Badminton shuttlecocks are usually made of two types of material, feather shuttlecock or synthetic (plastic or nylon) shuttlecock.
Natural = Feathers = Involves killing birds!
Synthetic = Plastic or Nylon = More ethical
Beginners prefer to use synthetic shuttlecocks as they are more durable and relatively inexpensive compare to the feather shuttlecocks. Feather shuttlecocks are not long lasting due to the fact that they are made from natural feathers. Wear and tear such as damaged feathers or loosing a feather on a shuttlecock will affect the flight stability and need to be replaced. Shuttlecocks can made from goose or duck feathers. Premium shuttlecocks are said to be made from goose feathers. Other shuttlecock manufacturers also supply duck feather shuttlecocks that are as good as grade one goose feather shuttlecocks.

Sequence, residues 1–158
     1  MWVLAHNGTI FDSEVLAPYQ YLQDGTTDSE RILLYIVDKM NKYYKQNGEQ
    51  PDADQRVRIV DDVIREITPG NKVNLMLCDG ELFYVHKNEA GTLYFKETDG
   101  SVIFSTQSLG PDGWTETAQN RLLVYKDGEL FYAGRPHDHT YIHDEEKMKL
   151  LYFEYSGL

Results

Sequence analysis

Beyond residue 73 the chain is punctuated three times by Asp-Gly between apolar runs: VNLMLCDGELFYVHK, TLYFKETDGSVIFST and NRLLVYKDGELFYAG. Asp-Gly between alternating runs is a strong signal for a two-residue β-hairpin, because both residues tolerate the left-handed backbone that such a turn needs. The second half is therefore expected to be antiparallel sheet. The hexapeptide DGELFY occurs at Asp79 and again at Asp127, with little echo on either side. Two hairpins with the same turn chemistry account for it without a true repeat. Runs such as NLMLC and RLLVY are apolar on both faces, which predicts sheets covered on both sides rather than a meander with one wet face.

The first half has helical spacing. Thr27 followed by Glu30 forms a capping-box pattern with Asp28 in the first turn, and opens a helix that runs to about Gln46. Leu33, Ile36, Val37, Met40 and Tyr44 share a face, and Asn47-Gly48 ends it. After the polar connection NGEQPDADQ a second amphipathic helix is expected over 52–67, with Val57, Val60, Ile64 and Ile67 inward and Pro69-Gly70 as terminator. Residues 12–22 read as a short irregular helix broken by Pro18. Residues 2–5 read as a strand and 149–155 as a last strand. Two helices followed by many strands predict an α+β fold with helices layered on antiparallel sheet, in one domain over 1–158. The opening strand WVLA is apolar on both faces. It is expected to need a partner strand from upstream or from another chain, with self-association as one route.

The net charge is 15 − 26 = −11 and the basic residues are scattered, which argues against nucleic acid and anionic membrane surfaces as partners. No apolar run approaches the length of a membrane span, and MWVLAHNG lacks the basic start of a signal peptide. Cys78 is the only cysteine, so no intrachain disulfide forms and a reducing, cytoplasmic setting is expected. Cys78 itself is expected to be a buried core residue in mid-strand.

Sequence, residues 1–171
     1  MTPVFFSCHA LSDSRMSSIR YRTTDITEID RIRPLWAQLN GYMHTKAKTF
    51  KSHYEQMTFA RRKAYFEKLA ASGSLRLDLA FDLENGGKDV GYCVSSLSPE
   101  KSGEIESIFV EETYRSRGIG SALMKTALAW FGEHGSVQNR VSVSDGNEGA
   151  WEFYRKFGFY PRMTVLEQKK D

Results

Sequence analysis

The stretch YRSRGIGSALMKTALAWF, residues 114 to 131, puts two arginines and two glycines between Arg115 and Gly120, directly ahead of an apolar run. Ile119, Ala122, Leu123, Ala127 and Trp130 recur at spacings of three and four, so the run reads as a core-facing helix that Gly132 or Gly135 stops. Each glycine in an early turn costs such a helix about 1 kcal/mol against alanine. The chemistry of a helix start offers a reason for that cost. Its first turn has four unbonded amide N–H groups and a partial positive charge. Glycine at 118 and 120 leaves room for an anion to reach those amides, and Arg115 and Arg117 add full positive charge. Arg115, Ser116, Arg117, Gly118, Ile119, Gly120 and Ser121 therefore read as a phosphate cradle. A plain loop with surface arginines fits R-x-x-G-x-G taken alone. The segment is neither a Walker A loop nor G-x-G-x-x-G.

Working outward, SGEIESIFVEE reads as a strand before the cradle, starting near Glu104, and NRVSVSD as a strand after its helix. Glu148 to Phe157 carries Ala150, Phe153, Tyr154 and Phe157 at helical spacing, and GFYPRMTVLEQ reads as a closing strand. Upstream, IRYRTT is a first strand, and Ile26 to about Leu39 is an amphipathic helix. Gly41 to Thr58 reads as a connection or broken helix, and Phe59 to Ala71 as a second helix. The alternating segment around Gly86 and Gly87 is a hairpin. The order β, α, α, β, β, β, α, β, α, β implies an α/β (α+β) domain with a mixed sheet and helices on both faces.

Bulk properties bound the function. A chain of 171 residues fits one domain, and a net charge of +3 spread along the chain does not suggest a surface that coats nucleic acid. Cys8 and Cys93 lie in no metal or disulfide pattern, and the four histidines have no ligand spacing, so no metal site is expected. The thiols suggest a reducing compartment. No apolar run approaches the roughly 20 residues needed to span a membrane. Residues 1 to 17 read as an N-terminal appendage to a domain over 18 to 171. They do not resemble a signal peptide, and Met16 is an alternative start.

Depending on manufacturers, there are 16 or 14 feathers on a shuttlecock. The feathers are arranged in a overlapping circular manner and attach to a weight at one end which can be made from natural cork, composite cork or plastic base material.
Shuttlecocks come in different speeds. Some brands use color bands on the base to different speed, green for slow, blue for medium, and red for high speed.
Green = Slow
Blue = Medium
Red = Fast
However, temperature can also affect the shuttlecock in-flight speed. Hot weather tends to make shuttlecocks fly faster while cold weather tends to make them fly slower. So in colder countries or an air-conditioned competition halls, use a slightly faster shuttlecock.
Synthetic shuttlecocks are cheaper and more durable so they are usually used by novices, schools and clubs for practicing. Disadvantage of synthetic shuttlecock is that it has bad in-flight stability but it can last for many practice sessions. As beginners gain more experience in the game, they can use the feather shuttlecocks to bring their skilled to the next level.
Special Note: At our club we use nylon shuttlecocks for all our training sessions, social games and competition games.